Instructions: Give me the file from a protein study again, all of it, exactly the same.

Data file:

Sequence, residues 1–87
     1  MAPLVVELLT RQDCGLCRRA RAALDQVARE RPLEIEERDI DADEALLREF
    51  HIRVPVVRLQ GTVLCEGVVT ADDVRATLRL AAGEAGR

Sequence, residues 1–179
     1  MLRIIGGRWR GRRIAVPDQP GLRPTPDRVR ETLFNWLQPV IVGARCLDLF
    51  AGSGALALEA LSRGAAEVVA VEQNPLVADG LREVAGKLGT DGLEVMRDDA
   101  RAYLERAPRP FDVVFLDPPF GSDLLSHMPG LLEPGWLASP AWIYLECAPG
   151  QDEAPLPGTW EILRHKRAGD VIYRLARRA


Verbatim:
Sequence, residues 1–87
     1  MAPLVVELLT RQDCGLCRRA RAALDQVARE RPLEIEERDI DADEALLREF
    51  HIRVPVVRLQ GTVLCEGVVT ADDVRATLRL AAGEAGR

Sequence, residues 1–179
     1  MLRIIGGRWR GRRIAVPDQP GLRPTPDRVR ETLFNWLQPV IVGARCLDLF
    51  AGSGALALEA LSRGAAEVVA VEQNPLVADG LREVAGKLGT DGLEVMRDDA
   101  RAYLERAPRP FDVVFLDPPF GSDLLSHMPG LLEPGWLASP AWIYLECAPG
   151  QDEAPLPGTW EILRHKRAGD VIYRLARRA